The Craig Power Station near the community of Craig, Colorado is the largest coal-fired electrical generating facility in the state. Located on 1,120 acres, the plant employs over than 300 workers. The facility is operated by Tri-State Generation, Inc. and has a total generative capacity of nearly 1.3 gigawatts. Coal used to operate the facility is obtained from local sources, while water used for the steam turbines is drawn from the nearby Yampa River.
Doctors in Puerto Rico published a study in 2007, confirming that which industrial health and safety experts have said for many years; power plants pose some of the highest risks of workplace asbestos exposure of any industry. In the study that was done in 2003, chest x-rays of 1100 power plant workers were examined and analyzed. Over 130 of the images showed “abnormalities” indicative of the early stages of asbestos disease.
Asbestos-containing materials (ACMs) were commonly used in almost every industry before the early 1980s. These were found in any location where heat, flame, electricity and corrosive chemicals were a hazard. As they aged however, these materials began to deteriorate and crumble. In this state, it is considered friable. Fibers could be inhaled and ingested by employees. They would also become lodged in hair and clothing and carried into the home, subjecting family members to secondary exposure.
Mesothelioma is a difficult disease to diagnose. The early symptoms are similar to those of many other respiratory diseases. By the time more specific symptoms begin to show up, the cancer is usually in an advanced stage; most patients diagnosed at this point can expect a mesothelioma prognosis of about six to twenty-four months.
Those who were employed at Craig and any family members should advise their family physicians regarding any asbestos exposure they may have suffered. New methods now available allow pathologists to detect the markers of mesothelioma disease in earlier stages when the disease is highly treatable, so it is important to be checked early and often.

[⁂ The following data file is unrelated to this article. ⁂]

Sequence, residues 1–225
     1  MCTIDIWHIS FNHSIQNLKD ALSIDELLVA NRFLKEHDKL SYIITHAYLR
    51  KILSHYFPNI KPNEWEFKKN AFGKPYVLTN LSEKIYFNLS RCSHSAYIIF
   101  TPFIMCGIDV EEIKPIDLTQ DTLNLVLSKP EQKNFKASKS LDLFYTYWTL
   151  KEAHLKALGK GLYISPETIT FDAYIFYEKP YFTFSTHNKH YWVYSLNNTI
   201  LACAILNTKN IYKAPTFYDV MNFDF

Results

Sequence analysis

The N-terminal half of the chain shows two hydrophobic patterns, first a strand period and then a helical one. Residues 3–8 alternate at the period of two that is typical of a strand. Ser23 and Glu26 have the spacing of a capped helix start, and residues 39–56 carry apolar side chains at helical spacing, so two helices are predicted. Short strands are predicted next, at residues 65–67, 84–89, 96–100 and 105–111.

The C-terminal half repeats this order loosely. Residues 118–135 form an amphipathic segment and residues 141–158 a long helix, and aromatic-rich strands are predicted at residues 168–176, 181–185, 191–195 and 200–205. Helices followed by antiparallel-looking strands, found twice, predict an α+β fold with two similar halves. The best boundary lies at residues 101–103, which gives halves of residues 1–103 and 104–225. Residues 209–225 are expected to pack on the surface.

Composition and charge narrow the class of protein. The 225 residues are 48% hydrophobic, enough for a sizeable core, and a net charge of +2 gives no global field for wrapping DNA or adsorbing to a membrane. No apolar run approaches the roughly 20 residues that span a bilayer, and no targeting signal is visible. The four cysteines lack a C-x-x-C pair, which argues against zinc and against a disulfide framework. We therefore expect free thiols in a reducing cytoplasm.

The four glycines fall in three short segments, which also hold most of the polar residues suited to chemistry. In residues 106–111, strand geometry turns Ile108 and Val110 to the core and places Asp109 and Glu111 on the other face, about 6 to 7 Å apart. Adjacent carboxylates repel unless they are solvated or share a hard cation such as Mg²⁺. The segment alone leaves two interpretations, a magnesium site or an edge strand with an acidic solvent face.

Through the 1970s, it was extremely common for plants, mills, and factories to be built with the naturally occurring, fibrous mineral known as asbestos because it provided high resistance to heat and electricity. It is ironic that protecting lives was typically one of the driving justifications for utilizing asbestos in companies for the result was in fact to place workers in danger of serious illness or death due to inhalation of or other contact with asbestos. The reason large numbers of workers have become ill from illnesses including asbestosis and cancer of the lungs is that when humans inhale or ingest asbestos fibers, the mineral remains in respiratory passages; once there, the sharp, microscopic spikes damage organs. The most serious of the asbestos-related diseases is mesothelioma, a type of cancer that affects the mesothelium, the tissue that lines the abdominal cavity; it is very difficult to treat, and patients seldom live more than two years after being diagnosed.
Because medical science has demonstrated the relationship between asbestos exposure and diseases such as lung cancer, today's laborers are protected by government regulations that control how asbestos is handled. Those who worked around asbestos-containing materials prior to the implementation of such laws, however, generally spent their shifts in locations where asbestos was prevalent, and they typically received little or no training about how to work safely with the substance. Family members were also subjected to asbestos exposure if workplaces failed to offer ways for employees to wash off asbestos fibers, because workers inadvertently transported asbestos to their homes in their clothes and hair.
Those who worked at this site at any time in their job history, as well as their partners and children, should learn more about these health conditions and tell their family doctors about their history of exposure to asbestos, because the signs of mesothelioma and other asbestos-related illnesses can be difficult to distinguish from those of other, less serious conditions.Sources
Cabrera-Santiago, Manuel et al. “Prevalence of Asbestos-Related Disease Among Electrical Power Generation Workers in Puerto Rico.” Presentation at American Public Health Association Annual Meeting, 2007.
"19 Plant Workers Sickened at Craig Power Plant." CBS4Denver.com. 19 April 2009. Channel 4 CBS Denver. 26 Apr 2009,
"Tri-State Overview." TriState.coop. 2009. TriState Generation and Transmission Association. 26 Apr 2009,